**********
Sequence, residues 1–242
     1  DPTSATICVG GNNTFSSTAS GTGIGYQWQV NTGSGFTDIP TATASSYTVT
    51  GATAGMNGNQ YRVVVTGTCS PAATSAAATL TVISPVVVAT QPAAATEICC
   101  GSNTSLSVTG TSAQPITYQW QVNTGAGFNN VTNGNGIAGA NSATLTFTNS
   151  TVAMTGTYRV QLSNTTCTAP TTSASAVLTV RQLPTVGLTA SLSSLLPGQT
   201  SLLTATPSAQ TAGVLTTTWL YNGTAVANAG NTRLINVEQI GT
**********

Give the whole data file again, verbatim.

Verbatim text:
Sequence, residues 1–242
     1  DPTSATICVG GNNTFSSTAS GTGIGYQWQV NTGSGFTDIP TATASSYTVT
    51  GATAGMNGNQ YRVVVTGTCS PAATSAAATL TVISPVVVAT QPAAATEICC
   101  GSNTSLSVTG TSAQPITYQW QVNTGAGFNN VTNGNGIAGA NSATLTFTNS
   151  TVAMTGTYRV QLSNTTCTAP TTSASAVLTV RQLPTVGLTA SLSSLLPGQT
   201  SLLTATPSAQ TAGVLTTTWL YNGTAVANAG NTRLINVEQI GT